Designing games with the help of machine learning means better content for players, released more often. See how the Angry Birds Dream Blast team incorporates machine learning into their design process.

Article Inside Rovio video-series 17.05.2019

Angry Birds Dream Blast launched in January, 2019 as a super accessible and instantly fun bubble popping puzzle game. Dream Blast introduced a new art style for the Angry Birds characters, representing each member of the core flock as adorable young versions of themselves.

Through the course of the game, players pop groups of similarly colored bubbles to complete a set of challenges. To match the dreamy theme, the Dream Blast gameplay was designed to provide players with a satisfying and relaxing experience any time they have a free moment. Unlike other matching puzzle games, Dream Blast’s levels are not grid-based. Instead, matchable items flow freely within the confines of the level’s border.

We wanted to create a new experience by adding loose physics and making the board feel more alive and tactile.
Angry Birds Dream Blast Lead Designer, Riku Heino

One similarity that Dream Blast shares with many other puzzle games is that its success relies on providing excellent new content for players on a regular basis. That means a lot of time is spent by the game team creating, playtesting, balancing, and optimizing new levels to be added to the game. To overcome this issue, Rovio Senior Data Engineer, Asko Relas, experimented with deep reinforcement learning to teach bots how to play Dream Blast. They could then compare the bots’ success and failure in Dream Blast levels to those of human players. Next, the bots are “set loose” on new levels to predict how a human player would perform in them.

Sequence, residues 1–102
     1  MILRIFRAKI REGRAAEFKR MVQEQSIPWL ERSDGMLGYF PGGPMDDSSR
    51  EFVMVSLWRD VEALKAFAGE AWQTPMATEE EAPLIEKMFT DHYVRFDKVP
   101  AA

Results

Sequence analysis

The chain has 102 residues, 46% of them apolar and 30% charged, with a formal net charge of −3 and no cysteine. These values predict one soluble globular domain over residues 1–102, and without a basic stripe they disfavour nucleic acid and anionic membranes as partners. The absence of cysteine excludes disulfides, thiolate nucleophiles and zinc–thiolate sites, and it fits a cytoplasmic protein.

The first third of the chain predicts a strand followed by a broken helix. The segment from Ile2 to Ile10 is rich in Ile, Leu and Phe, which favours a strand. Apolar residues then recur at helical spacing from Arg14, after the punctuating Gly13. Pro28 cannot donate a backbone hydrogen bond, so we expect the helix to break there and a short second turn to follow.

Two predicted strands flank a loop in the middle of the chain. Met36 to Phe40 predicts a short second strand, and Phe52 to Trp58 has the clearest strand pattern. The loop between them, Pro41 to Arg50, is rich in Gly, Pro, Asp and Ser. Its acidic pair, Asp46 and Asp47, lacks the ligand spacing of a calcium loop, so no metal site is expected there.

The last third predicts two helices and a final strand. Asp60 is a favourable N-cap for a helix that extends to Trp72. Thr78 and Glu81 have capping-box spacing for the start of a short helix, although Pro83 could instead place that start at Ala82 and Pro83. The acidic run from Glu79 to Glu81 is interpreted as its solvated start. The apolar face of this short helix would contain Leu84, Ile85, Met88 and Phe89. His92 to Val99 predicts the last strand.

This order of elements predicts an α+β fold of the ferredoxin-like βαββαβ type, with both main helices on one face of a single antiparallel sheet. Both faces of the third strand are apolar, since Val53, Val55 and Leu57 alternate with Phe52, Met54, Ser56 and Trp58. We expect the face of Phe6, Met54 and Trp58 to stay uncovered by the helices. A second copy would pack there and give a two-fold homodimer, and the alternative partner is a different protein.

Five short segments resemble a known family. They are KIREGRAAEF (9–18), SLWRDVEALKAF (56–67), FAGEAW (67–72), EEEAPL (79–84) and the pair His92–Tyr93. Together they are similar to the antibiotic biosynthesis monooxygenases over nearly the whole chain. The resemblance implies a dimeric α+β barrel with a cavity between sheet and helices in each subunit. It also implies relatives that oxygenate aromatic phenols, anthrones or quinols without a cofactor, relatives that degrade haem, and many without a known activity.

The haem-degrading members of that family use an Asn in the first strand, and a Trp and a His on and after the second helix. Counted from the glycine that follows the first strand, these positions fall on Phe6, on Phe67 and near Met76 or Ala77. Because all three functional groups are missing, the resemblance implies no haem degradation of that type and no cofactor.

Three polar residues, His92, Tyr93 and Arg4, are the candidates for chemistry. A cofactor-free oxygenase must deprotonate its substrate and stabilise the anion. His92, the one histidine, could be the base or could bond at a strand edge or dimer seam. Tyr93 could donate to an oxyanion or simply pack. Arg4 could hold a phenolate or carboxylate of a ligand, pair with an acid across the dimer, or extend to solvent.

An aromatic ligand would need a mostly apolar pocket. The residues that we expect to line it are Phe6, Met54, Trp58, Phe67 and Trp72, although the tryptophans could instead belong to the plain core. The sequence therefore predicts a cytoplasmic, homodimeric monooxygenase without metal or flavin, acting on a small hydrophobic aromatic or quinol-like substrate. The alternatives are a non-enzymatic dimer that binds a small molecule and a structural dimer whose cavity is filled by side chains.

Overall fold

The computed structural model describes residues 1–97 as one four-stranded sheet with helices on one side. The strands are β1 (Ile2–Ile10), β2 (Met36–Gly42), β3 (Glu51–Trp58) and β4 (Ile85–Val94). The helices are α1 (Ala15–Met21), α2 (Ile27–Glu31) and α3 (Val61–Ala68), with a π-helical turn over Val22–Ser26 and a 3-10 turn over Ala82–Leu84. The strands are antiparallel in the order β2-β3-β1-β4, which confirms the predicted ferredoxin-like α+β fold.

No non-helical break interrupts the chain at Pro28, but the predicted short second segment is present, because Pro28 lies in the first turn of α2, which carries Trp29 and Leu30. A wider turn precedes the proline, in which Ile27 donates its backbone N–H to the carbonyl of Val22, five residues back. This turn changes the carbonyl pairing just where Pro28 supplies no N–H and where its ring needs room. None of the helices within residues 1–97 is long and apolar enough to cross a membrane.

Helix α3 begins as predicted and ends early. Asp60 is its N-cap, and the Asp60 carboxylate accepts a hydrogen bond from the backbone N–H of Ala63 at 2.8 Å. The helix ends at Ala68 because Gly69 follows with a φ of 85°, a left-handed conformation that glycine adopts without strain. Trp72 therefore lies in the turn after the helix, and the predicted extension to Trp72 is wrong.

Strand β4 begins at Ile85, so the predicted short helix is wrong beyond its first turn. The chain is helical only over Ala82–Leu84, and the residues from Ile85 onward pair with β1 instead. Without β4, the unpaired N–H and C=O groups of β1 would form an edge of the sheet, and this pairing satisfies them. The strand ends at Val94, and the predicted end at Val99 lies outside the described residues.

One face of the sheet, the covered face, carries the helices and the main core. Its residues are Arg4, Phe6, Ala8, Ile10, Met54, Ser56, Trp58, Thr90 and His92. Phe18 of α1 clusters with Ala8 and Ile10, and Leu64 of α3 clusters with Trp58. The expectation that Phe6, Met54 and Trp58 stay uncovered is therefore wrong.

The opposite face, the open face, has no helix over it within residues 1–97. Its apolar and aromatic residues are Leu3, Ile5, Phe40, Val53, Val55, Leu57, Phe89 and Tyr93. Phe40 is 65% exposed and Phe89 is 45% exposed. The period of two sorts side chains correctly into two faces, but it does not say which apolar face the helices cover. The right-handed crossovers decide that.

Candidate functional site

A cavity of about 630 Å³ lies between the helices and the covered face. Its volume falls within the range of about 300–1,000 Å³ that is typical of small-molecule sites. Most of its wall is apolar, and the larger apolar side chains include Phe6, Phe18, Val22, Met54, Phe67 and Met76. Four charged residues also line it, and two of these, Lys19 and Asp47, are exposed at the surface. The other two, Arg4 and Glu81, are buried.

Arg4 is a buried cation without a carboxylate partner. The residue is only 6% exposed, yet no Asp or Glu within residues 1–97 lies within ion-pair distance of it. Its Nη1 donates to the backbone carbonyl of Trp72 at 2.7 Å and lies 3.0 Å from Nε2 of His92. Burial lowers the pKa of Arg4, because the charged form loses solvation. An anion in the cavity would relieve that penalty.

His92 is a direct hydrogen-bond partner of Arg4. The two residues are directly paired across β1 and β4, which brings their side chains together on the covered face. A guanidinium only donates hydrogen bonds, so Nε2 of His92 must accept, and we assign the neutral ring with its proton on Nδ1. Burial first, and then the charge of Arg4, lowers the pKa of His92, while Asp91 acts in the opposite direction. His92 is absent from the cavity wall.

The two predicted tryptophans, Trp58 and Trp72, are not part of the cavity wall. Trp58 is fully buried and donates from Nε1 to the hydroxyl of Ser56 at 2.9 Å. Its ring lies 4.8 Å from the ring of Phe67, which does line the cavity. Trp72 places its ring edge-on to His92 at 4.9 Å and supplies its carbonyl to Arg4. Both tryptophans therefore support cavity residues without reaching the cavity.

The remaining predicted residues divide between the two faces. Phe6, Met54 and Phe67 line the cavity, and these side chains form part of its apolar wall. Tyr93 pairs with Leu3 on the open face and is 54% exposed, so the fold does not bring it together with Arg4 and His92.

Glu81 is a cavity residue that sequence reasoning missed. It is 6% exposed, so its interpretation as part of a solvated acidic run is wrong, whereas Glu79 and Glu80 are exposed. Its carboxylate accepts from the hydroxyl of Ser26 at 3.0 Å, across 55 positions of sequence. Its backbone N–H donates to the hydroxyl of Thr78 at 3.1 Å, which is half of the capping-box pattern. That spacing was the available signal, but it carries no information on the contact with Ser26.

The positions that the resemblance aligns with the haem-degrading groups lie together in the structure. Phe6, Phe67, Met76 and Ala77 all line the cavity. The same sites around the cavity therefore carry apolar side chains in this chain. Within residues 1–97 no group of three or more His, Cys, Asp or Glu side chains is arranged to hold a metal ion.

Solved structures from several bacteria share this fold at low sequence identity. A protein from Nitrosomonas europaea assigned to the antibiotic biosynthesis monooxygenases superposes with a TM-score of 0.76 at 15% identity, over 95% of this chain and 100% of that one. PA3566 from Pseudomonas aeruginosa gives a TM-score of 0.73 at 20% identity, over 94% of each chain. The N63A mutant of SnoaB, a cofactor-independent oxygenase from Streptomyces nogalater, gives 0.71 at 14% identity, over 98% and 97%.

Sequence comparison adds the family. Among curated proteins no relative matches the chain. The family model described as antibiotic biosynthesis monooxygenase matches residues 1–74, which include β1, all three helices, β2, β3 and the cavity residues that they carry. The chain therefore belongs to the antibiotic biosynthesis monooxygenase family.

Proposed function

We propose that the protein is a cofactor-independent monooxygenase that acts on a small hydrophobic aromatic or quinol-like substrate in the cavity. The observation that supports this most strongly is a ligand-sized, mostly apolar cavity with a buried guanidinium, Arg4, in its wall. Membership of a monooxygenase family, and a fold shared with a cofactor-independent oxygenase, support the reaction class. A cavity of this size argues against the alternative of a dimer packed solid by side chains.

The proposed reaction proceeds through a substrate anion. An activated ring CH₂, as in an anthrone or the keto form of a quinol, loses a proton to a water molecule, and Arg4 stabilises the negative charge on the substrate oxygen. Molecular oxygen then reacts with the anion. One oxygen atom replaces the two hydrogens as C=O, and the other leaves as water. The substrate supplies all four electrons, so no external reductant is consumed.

We want to automate the parts of content production that can be automated and leave the creative parts to the people who are best at it.
Senior Data Engineer, Asko Relas

By training bots to playtest levels instead of humans, the aim is to streamline the production process for new content, allowing the Dream Blast team to put the human touch where it is needed, while letting the bots handle time intensive things like difficulty balancing. This way, the creativity of the team can come through, meaning better content for players, released more often.

Watch the full episode, Inside Rovio – Machine Learning Meets Puzzle Game Design, for the whole story from Senior data engineer, Asko Relas, and Angry Birds dream Blast Lead Designer, Riku Heino.